The occupancy rate in prisons has grown from 113.7% to 117.6%. (File Photo)
Since 2016, Indian prisons have increased their capacity but this has not kept pace with the growth in the number of prisoners, National Crime Records Bureau (NCRB) data show. The capacity of prisons has increased from 3,80,876 in 2016 to 3,96,223 in 2018 (as of December 31), or by 4.03% during 2016-2018, according to the newly released report NCRB Prison Statistics India 2018. Over the same period, the number of prisoners lodged in these jails has increased from 4,33,003 to 4,66,084, or by 7.64%. As a result, the occupancy rate in prisons has grown from 113.7% to 117.6%. Uttar Pradesh has reported the highest occupancy rate (176.5%) followed by Sikkim (157.3%) and Delhi (154.3%).
While the capacity of prisons has increased, the number of prisons has decreased by 5%, from 1,412 in 2016 to 1,339 in 2018. The 2018 count includes 628 sub-jails, 404 district jails, 144 central jails, 77 open jails, 41 special jails, 24 women jails, and 19 borstal schools. The remaining two jails are in the category “other than the above”.
2,000 kids & their mothers
Nearly 2,000 children were living in jails in India along with their imprisoned mothers, as of December 31, 2018. Out of 1,999 children (1,732 women prisoners), Uttar Pradesh accounted for one-fourth (509 children) while four more states accounted for another one-third. Together, jails in these five states — UP, along with Bihar, West Bengal, Jharkhand and Madhya Pradesh — had 1,201 children, or 60% of the total 1,999.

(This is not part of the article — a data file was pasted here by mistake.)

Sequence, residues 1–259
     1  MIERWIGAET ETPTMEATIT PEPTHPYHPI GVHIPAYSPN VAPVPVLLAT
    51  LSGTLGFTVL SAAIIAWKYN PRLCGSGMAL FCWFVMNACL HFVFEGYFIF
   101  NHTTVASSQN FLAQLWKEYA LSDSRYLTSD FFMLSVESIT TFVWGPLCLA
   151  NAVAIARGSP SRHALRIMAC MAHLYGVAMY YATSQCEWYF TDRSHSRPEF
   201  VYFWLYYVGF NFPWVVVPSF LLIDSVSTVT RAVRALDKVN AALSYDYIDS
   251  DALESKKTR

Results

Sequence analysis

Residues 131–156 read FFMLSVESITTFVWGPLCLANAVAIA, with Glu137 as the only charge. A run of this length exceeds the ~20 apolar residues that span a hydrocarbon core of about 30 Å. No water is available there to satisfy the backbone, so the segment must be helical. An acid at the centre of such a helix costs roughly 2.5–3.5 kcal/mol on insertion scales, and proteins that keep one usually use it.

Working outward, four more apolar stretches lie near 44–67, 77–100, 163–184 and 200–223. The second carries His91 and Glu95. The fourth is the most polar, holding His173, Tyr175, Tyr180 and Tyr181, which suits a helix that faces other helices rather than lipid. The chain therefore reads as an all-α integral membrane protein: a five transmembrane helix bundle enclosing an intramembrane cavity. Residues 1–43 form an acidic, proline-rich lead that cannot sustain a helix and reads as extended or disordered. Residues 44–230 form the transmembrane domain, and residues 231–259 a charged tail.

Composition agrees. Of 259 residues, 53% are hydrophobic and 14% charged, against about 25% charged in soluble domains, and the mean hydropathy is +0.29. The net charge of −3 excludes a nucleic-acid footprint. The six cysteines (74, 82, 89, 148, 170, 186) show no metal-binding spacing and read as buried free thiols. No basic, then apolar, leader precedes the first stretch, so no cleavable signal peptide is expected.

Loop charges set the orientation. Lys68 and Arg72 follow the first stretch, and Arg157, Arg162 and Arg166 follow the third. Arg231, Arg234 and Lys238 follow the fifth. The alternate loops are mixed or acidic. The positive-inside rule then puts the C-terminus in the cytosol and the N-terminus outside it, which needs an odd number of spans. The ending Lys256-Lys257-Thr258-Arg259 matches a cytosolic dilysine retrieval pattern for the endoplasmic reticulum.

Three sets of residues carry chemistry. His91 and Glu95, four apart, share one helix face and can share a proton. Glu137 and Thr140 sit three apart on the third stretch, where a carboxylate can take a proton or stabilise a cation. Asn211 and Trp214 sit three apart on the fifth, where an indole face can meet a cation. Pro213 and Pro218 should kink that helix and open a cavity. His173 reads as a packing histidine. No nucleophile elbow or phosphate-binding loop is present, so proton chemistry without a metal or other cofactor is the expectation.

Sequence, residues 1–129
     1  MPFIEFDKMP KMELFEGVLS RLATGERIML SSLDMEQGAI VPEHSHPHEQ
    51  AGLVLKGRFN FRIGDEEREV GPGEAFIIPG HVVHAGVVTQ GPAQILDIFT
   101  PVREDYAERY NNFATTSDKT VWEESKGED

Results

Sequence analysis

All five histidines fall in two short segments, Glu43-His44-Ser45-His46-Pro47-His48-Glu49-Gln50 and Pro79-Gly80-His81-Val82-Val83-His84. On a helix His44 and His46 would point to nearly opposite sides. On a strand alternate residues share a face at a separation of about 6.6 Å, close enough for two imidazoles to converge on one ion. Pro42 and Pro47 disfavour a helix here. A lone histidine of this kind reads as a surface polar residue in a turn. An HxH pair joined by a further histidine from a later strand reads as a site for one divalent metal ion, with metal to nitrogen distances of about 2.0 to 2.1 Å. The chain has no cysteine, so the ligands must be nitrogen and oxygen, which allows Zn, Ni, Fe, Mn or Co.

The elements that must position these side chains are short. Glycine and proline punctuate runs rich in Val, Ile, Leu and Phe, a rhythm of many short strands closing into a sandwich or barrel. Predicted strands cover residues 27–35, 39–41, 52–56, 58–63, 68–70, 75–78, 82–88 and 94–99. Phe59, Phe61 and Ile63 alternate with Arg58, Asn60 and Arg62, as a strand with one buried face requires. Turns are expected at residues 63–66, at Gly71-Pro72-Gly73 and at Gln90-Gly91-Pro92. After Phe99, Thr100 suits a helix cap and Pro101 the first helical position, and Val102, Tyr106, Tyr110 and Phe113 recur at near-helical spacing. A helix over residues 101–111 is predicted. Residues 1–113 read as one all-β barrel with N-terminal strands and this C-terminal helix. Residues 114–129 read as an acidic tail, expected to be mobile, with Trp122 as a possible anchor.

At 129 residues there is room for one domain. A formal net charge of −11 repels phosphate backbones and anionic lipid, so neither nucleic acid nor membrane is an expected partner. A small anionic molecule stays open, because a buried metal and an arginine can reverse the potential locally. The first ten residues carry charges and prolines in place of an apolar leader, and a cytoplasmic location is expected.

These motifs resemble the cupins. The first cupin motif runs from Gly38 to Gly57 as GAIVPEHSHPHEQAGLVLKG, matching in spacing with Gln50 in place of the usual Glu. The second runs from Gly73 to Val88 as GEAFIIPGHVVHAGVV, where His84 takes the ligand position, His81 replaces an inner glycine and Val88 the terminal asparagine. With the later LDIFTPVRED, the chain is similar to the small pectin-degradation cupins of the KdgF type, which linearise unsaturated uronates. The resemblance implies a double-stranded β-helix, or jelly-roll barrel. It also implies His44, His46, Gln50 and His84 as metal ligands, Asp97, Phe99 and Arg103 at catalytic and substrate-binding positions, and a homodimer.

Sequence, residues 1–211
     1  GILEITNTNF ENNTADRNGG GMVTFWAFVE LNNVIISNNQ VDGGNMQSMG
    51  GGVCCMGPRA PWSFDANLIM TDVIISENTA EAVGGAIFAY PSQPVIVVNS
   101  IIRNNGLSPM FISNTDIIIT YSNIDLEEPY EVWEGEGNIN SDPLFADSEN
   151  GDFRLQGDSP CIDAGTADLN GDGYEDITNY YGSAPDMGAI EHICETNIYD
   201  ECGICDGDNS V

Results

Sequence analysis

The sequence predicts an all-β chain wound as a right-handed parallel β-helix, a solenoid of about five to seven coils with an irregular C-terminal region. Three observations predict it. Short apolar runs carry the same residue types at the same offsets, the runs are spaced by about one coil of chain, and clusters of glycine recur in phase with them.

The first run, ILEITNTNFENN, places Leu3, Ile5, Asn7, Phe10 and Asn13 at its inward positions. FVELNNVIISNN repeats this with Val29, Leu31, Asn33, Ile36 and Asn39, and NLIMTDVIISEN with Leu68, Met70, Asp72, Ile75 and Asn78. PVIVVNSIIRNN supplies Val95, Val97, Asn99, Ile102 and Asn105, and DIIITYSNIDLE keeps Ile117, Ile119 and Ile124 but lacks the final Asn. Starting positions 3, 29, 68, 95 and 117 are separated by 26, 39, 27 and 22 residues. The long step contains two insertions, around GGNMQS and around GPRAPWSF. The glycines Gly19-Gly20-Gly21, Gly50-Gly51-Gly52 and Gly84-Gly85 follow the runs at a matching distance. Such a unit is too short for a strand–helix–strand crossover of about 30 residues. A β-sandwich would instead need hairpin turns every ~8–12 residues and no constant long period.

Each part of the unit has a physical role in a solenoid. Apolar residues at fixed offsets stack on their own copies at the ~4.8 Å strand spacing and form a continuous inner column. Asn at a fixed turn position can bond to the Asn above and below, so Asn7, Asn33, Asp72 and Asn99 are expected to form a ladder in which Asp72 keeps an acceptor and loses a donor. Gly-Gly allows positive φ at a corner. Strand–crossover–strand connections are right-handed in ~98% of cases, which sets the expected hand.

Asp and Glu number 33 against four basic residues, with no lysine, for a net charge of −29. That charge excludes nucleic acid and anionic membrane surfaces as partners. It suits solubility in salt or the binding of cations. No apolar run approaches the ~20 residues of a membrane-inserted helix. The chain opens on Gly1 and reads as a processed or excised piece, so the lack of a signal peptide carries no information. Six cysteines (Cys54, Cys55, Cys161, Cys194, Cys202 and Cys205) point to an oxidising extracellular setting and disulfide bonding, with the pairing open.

While 1,732 women prisoners had children with them, the total number of women prisoners in India was 19,242. Among them, 3,243 were in the 24 women jails and 15,999 were in other jails. In women jails, the number of prisoners was below capacity (58% of a capacity of 5,593). In other jails, which have a combined capacity of 21,668 women inmates, the 15,999 inmates represented an occupancy rate of 73.8%.
Of the 4,66,084 prisoners as of December 31, 2018, 1,39,488 (30%) were convicts and over 69% (3,23,537) were undertrials. Less than 1% comprised detenues and other inmates.
The number of convicted prisoners had increased by 2.8% from 1,35,683 in 2016. Among the states, UP had the highest number of convicts, at 28,660 or 20.5% of the total in 2018. It was followed by Madhya Pradesh (18,626) and Maharashtra (8,908).
The number of undertrial prisoners increased from 2,93,058 in 2016 to 3,23,537 in 2018, or 10.4%. Uttar Pradesh had the highest number of undertrials at 75,206, followed by Bihar (31,488) and Maharashtra (26,898) at the end of 2018.
Among the convicts were 1,22,441 who were serving terms for IPC offences. Among them, in turn, 1,04,017 (85%) had committed various offences affecting the human body while over 12,939 (10%) had committed offences against property.
Among those convicted of offences against the human body, the highest number of inmates were convicted of murder (66%, 69,165 convicts) followed by convicts of rape (12%, 12,076) and convicts of attempt to murder (8%, 8,341).
Nearly 20,000 convicts had committed offences against women. These offences include rape, which is also included among offences against the human body. In the category for offences against women, the 12,076 rape convicts represented 61%.
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